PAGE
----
Stress and anxiety are closely related – most people who have one also have the other. Anxiety is one of the emotions that occurs when you perceive that you’re in danger but feel that you can’t do anything about it. The danger could be anything from physical harm to committing a social blunder and feeling embarrassed. And the threat doesn’t have to be real— anxiety results from the perception of danger. You might jump to conclusions about an upcoming event, such as meeting an important work or school deadline, and be unable to get it out of your mind. Preoccupied, you begin worrying (awfulizing), and negative thoughts race through your mind. You feel your heart start to race, your muscles tense, and you become irritable. You snap at people, lose concentration, and soon you’re feeling like you’ve lost control.
There’s a difference between anxiety – as described above – and being concerned. Concern means having a moderate, appropriate degree of stress, which keeps you alert and helps you rise to the occasion and solve problems. Full-blown anxiety, on the other hand, is unproductive. It leads only to thinking and acting desperately without bothering to check out whether your catastrophic perceptions are really accurate.
Some people who are stressed or anxious and feeling that the world is a dangerous place that can’t be controlled lose hope and slip into a state of depression. People who experience depression feel down in the dumps more often than not because they view themselves as worthless (labeling) and the future as bleak (jumping to conclusions). They also lose interest in activities and people they once enjoyed. Depression is different from sadness or disappointment, which are a normal part of life. When you’re sad or disappointed, you’re able to get back on track after a little while, think things through, and realize that the unpleasant situation will pass with time.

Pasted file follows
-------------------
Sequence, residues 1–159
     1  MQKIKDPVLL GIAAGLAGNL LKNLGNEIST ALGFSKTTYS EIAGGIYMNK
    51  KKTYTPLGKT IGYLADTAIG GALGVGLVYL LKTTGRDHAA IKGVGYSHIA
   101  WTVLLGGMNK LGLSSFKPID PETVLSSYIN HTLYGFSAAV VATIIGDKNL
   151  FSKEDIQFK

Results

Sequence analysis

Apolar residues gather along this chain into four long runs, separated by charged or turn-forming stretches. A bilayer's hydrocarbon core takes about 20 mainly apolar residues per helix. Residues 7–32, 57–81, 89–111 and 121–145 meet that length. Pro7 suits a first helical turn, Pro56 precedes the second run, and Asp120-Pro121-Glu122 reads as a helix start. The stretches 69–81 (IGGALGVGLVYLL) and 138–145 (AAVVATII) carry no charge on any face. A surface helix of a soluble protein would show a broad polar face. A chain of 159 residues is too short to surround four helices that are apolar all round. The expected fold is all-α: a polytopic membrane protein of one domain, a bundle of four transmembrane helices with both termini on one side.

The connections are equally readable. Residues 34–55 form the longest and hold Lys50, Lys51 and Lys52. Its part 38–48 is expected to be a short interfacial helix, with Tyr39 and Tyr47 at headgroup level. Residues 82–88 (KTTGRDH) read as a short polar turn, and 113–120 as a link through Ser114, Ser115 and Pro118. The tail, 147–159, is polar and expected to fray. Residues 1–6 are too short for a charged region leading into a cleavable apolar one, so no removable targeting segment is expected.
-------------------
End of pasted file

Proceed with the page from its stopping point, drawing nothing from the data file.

When you’re depressed, however, you don’t feel motivated to help yourself. You can’t focus on anything but the negative side of yourself and the future. You blame yourself for everything and feel as if you’re carrying the weight of the world on your shoulders. You might also have crying spells, lose your appetite, have trouble sleeping, become socially isolated, and perhaps have thoughts of harming yourself. If you exhibit any of these symptoms, you need to seek advice from your doctor as soon as possible.
Anger is another basic human emotion that we all experience from time to time. It occurs when we perceive that we have been purposely mistreated, disrespected, injured, or challenged or when we are faced with obstacles that keep us from meeting our personal goals. When we become angry, feelings of hostility boil to the surface and we have urges to act aggressively and destructively. Anger can lead to violence and alienate you from friends, coworkers, and family members, who might come to see you as dangerous or a “loose cannon.” But people differ in how easily they become angry, the intensity of their anger, what they do when they’re angry, and how long their angry spells last. Having very strict personal “rules” or “standards” for how others must behave and how situations should play out is often associated with anger problems, especially if you feel you can’t stand it when these rules aren’t followed. After all, in the real world we can’t always expect people to do what we want when we want it.
While out-of- control anger leads to emotions and behaviors that intensify stress, mild anger, such as temporarily feeling peeved or annoyed, can help you deal with stress. That’s because short-term mild anger helps you stay focused and assertive – rather than aggressive – with other people.
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